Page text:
This book won the Booker in 2006.
Sai lives with her grandfather, a retired judge, and his dog, Mutt, on a decaying estate north of Darjeeling near the Nepal border. Their cook mourns his son, Biju, who is living in New York. Some Nepali freedom fighters ("Gorkhaland for the Gorkhas") raid the house and take the judge's ancient hunting guns. Sai's secret boyfriend, her maths and science tutor, who is Nepali, doesn't turn up for their lesson...
The story starts to explain the back story, how the judge and Sai came to be living their, Sai's relationships with her tutor and the others in the village: gay Uncle Potty, Father Booty, sisters Lola and Noni. Intercut are scenes from the cook's son's life in the Big Apple as an illegal immigrant and impoverished restaurant worker. Slowly (and I found it very slow indeed) the story meanders back to the present day.
Suddenly the violence flares up and life will never be the same again...
Deftly written, with subtle observations building portraits of the characters, but in the middle bit I got extremely bogged down and found myself not caring about the characters. But the final third suddenly becomes a different book: the cosy gentility of life is overthrown and ugly chaos reigns.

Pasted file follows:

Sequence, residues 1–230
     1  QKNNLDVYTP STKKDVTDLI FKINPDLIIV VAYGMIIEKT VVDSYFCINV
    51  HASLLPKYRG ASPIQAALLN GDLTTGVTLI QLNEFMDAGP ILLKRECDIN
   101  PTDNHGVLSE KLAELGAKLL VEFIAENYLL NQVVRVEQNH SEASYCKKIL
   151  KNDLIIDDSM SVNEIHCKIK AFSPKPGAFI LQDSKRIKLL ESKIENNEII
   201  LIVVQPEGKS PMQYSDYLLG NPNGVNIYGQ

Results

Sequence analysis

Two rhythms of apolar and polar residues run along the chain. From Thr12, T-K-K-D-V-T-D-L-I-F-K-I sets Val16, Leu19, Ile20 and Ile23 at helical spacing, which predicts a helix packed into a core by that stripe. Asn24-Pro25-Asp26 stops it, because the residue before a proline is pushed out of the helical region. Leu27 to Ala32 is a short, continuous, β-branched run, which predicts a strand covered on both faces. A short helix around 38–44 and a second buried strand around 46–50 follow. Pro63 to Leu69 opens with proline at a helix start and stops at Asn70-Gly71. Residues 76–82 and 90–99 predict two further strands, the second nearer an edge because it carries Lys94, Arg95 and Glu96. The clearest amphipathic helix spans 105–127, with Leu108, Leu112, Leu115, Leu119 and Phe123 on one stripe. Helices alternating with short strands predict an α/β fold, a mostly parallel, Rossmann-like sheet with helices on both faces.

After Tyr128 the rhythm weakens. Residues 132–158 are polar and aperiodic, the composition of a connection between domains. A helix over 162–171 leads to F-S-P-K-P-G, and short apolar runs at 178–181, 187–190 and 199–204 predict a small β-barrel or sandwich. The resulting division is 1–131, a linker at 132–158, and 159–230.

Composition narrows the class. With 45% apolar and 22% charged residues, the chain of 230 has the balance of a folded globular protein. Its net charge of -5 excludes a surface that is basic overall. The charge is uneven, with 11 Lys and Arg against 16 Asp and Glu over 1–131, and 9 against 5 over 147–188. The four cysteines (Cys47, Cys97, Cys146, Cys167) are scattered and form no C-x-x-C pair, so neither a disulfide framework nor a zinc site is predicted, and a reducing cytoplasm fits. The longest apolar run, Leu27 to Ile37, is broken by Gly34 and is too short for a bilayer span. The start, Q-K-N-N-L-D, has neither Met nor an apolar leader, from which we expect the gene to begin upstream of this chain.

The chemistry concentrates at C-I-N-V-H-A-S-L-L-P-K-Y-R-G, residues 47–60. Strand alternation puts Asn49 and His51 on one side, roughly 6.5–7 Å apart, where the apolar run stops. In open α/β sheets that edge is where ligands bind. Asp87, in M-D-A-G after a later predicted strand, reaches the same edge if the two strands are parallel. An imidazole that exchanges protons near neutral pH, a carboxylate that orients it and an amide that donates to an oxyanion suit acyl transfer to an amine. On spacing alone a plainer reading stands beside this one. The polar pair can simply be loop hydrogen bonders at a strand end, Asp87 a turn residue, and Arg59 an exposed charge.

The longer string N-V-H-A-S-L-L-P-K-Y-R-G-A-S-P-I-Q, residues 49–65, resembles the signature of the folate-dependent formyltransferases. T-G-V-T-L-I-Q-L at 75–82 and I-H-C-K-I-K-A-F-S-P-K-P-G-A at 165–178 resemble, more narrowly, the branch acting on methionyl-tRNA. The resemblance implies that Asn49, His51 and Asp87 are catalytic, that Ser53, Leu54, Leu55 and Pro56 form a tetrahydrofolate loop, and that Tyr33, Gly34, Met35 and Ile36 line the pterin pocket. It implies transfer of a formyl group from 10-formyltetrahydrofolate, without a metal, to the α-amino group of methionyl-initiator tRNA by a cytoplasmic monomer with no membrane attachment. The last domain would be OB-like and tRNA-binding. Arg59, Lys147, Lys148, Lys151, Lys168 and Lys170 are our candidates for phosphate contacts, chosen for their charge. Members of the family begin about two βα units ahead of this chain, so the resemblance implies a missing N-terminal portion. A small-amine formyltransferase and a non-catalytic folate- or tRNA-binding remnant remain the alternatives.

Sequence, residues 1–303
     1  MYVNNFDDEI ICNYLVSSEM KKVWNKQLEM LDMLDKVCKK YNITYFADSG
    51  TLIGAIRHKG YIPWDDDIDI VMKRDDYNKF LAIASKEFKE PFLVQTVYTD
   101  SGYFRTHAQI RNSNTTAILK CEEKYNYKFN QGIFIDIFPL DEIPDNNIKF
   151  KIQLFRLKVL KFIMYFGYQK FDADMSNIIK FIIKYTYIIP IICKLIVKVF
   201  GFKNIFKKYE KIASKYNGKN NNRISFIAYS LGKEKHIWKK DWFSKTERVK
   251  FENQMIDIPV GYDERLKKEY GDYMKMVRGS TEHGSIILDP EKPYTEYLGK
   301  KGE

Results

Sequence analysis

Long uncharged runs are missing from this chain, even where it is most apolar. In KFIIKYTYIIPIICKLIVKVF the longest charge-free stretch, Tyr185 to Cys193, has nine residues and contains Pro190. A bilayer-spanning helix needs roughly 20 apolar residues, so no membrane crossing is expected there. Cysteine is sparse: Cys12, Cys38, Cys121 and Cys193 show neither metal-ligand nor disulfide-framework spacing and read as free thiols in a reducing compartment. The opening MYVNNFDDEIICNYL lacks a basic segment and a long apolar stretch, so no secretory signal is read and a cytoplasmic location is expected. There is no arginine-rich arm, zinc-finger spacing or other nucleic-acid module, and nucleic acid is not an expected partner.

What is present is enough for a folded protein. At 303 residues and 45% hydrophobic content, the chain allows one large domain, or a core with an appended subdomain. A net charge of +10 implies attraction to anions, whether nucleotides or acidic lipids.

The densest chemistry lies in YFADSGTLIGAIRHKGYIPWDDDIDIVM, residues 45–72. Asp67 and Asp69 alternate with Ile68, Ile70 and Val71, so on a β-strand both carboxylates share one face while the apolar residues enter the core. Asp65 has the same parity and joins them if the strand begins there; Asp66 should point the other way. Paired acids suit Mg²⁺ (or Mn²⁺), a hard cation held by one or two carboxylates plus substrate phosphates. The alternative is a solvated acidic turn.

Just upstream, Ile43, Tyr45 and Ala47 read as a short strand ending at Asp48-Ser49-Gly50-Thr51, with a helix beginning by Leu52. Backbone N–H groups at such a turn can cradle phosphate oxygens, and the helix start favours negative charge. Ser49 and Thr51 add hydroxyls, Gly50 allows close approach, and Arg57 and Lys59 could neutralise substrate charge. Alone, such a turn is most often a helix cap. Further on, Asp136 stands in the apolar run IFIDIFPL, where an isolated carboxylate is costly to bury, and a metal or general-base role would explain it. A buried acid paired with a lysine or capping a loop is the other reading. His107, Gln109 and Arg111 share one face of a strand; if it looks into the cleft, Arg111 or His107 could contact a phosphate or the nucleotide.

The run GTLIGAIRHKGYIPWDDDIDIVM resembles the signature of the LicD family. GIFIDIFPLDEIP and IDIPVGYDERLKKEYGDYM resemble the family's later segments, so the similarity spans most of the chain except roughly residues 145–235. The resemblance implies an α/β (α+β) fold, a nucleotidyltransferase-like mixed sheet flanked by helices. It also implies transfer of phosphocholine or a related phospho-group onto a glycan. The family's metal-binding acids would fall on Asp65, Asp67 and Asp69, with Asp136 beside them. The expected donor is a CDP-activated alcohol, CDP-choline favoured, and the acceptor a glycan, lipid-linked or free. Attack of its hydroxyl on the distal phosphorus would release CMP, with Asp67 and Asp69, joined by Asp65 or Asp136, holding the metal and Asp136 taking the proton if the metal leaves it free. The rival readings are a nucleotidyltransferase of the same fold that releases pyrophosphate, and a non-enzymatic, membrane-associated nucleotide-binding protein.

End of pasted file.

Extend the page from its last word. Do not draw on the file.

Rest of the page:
- I live in Bedford, England. Having retired from teaching; I am now a research student at the University of Bedfordshire researching into Threshold Concepts in the context of A-level Physics. I love reading! I enjoy in particular fiction (mostly great and classic fiction although I also enjoy whodunnits), biography, history and smart thinking. I have also recently become a keen playgoer to London Fringe Theatre. I enjoy mostly classics and I read the playscripts and add those to the blog. I am a member of Bedford Writers' Circle. See their website here: http://bedford-writers.co.uk/ Follow me on twitter: @daja57